The duty to prove each and every element of the offence

JurisdictionSouth Africa
Citation(2001) 14 SACJ 20
AuthorCRM Dlamini
Published date24 May 2019
Date24 May 2019
The duty to prove each and every
element of the offence*
1. Introduction
It is well known that in criminal cases the state bears the onus to prove the
guilt of the accused beyond a reasonable doubt.
It is well enough to say that
the guilt of the accused must be proved beyond a reasonable doubt, but what
are those facts or incidents which, if proved, comprise the guilt of the
accused? Or is guilt a single incident or fact which, when proved, will
eventually lead to the sanction of the accused?
Criminal law solves the problem for procedural law by dividing every
crime into various elements. In South Africa, for example, the crime of theft is
not committed unless there is a
mens rea
permanent deprivation of a thing. Ordinarily to obtain a conviction, the state
would have to prove each of the aforegoing elements beyond a reasonable
doubt. No person may be convicted of an offence unless each element of
such offence is proved beyond a reasonable doubt.
Though the mandate looks easy on paper that the state must prove every
element of the crime beyond a reasonable doubt, in practice it is often
difficult so to prove. An element of an offence is often not just a singular,
isolated event. Very often the element consists of a number of related
incidents or facts and is often an aggregate of such facts or incidents. Under
the definitional clause in the Abuse of Dependence-Producing Drugs and
Rehabilitation Centres Act, for example, it was a very serious offence to deal
in drugs. 'Deal in' has an extended meaning and the acts therein defined,
singly or in aggregate constitute the elements of the crime. Obviously,
therefore, in seeking to prove an element of a crime the state will have to
establish a series of facts, some seemingly important and others trivial but
which, when
held together
by the cohesiveness of logic, will constitute a
rational persuasive logical entity. A question which arises is: What persuasive
This article is extracted from the authors unpublished LLD thesis
Proof Beyond a Reasonable
(1999) submitted at the University of Zululand.
LLD(SA) LLD (UZ)Rector and Vice-Chancellor,
University of Zululand, Professor of Law, Advocate of the High Court of SA
Part-time member of the Human Rights Commission
L H Hoffmann & D T Zeffertt
The South African Law of Evidence
4ed (1988) 525.
C Klotter & C C Meier
Criminal Evidence for Police
(1971) 57.
(2001) 14 SACJ 20
© Juta and Company (Pty) Ltd
The duty to prove each and every element of the offence
value is to be ascribed respectively to the important facts and to the trivial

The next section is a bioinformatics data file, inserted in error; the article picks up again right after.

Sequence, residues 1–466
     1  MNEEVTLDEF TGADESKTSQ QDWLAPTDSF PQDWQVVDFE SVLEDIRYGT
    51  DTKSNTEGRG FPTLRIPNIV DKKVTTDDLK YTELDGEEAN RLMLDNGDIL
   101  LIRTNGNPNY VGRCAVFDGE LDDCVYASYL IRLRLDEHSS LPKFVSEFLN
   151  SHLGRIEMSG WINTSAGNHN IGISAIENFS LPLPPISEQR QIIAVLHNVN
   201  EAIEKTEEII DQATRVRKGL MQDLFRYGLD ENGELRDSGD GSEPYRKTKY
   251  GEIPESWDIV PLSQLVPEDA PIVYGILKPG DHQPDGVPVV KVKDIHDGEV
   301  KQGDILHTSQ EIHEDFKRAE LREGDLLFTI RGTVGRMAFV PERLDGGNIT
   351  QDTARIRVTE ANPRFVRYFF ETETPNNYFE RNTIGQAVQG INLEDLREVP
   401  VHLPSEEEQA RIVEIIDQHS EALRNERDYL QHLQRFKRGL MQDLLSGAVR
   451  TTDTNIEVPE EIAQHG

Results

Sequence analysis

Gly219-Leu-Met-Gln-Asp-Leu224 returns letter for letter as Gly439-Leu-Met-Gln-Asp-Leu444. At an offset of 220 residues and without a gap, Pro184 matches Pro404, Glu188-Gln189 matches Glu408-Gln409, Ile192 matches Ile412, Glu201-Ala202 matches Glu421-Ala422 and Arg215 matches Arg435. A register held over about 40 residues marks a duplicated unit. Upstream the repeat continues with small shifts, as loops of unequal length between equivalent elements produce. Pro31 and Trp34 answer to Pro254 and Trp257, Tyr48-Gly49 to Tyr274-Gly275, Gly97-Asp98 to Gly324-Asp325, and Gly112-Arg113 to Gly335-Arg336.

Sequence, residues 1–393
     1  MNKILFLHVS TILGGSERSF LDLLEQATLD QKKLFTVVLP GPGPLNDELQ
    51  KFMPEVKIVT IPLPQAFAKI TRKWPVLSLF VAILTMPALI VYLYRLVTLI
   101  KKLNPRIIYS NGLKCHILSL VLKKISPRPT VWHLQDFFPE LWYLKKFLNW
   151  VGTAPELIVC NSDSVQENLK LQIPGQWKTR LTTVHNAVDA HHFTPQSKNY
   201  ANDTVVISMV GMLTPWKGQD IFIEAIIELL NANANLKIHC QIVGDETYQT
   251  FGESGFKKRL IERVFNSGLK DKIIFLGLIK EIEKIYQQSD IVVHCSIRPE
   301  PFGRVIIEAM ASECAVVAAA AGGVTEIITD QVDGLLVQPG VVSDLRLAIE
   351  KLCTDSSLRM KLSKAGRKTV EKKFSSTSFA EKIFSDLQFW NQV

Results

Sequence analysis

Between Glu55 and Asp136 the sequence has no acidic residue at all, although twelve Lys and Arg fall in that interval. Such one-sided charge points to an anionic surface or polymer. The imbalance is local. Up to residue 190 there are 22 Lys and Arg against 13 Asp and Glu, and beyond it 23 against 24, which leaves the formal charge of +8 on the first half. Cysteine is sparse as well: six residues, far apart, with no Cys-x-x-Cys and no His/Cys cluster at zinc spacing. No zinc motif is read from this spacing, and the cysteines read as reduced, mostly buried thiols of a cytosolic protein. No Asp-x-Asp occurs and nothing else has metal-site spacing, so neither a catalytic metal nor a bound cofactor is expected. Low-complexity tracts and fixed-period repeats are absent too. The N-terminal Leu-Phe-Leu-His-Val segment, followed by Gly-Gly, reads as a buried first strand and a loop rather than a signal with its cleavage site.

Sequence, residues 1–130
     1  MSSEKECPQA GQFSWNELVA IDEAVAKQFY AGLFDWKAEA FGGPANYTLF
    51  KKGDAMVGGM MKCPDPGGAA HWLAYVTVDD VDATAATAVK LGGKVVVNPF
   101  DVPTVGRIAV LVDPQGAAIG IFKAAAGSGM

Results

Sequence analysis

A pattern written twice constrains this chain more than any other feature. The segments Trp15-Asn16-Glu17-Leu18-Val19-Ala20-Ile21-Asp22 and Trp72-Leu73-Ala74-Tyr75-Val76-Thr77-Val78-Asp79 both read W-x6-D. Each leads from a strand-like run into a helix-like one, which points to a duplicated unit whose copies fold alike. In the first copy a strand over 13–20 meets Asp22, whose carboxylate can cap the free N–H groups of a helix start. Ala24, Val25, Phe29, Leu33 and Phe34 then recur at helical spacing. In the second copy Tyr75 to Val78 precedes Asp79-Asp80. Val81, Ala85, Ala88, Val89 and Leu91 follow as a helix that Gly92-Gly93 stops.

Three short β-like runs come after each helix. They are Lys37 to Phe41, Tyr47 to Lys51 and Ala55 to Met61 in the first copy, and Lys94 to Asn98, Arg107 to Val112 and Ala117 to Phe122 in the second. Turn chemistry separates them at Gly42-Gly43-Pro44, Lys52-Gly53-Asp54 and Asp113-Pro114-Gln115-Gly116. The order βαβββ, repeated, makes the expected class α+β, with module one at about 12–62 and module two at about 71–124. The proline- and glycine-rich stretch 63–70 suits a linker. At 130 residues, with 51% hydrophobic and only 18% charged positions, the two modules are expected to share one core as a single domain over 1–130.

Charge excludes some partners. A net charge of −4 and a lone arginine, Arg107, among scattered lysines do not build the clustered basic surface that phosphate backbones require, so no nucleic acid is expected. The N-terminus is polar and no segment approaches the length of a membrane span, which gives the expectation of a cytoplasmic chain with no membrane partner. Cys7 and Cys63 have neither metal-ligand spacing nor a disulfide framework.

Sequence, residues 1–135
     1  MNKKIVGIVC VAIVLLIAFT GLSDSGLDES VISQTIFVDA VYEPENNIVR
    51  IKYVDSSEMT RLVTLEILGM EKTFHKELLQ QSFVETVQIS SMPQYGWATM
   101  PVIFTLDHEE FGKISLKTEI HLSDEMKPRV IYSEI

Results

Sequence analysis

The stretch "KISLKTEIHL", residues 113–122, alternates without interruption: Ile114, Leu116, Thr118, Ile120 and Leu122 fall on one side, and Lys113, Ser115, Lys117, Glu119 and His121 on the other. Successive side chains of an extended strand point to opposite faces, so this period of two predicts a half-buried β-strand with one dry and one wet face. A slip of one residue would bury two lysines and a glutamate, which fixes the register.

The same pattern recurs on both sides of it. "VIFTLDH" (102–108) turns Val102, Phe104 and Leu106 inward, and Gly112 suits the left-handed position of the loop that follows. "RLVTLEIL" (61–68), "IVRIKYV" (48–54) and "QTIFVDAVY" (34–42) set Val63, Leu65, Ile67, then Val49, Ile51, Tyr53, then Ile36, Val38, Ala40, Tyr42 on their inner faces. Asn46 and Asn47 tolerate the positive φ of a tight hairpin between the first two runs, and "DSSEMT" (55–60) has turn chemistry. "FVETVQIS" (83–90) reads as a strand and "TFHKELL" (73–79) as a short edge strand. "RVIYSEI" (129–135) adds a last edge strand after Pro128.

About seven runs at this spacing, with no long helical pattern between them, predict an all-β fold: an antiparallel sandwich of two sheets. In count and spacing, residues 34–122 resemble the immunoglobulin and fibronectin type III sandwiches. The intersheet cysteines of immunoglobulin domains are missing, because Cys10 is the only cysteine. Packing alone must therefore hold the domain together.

facts? Within the context of the process of persuasion, must both the
important and the trivial facts be established beyond a reasonable doubt or is
that test required only of the important facts? Answers to the aforegoing
questions affect the quantum of proof and therefore any decision in any
criminal case as to whether the requisite standard of persuasion has been
attained. Before we analyse the situation in South Africa in some depth, it is
instructive to refer to the position in the United States of America and Britain.
2. The law of the United States
In the United States of America case of
Davies v United States
the court held
that not only is the prosecution required to prove every element necessary to
constitute the crime
but to show 'beyond a reasonable doubt the existence
of every fact necessary to constitute the crime charged'.
In drawing the
distinction between an element of a crime and a fact necessary to constitute a
crime, the court, it is submitted, indicates clearly that all facts no matter how
trivial require to be proved beyond a reasonable doubt if they are necessary
to constitute a crime.
In re Winship,
the Supreme Court held that the
requirement that the prosecution prove each and every element of a crime
was mandated by the due process clause of the constitution.
avers that the prosecution is required to prove every material
element of a criminal offence beyond a reasonable doubt because the due
process clause of the Constitution requires that material elements of crimes
be so proved. Nesson cites
Mullaney v Wilbur
In re Winship
support of his stand. Nesson creates the impression that facts other than
material elements can be proved by reference to some other standard of
proof other than proof beyond a reasonable doubt. On a careful reading of
the cases cited, however, one could find no evidence of the restriction
imposed by Nesson, that is, that the prosecution need apparently prove only
the material elements of the crime beyond a reasonable doubt. In fact, the
court, in
In re Winship,
specifically held:
Davies v United States
160 US 469 (1895).
Supra 487.
Supra 493.
However Robert Mosher disputes that the requirement is constitutionally based; see the
comment in "Statutory Criminal Presumptions: Reconciling the Practical with the Sacrosanct"
71 UCLA Law Review
C Nesson 'Reasonable Doubt and Permissive Inferences : The Value of Complexity' (1979) 92
Harvard LR
421 US 684 (1975).
397 US 358 (1965).
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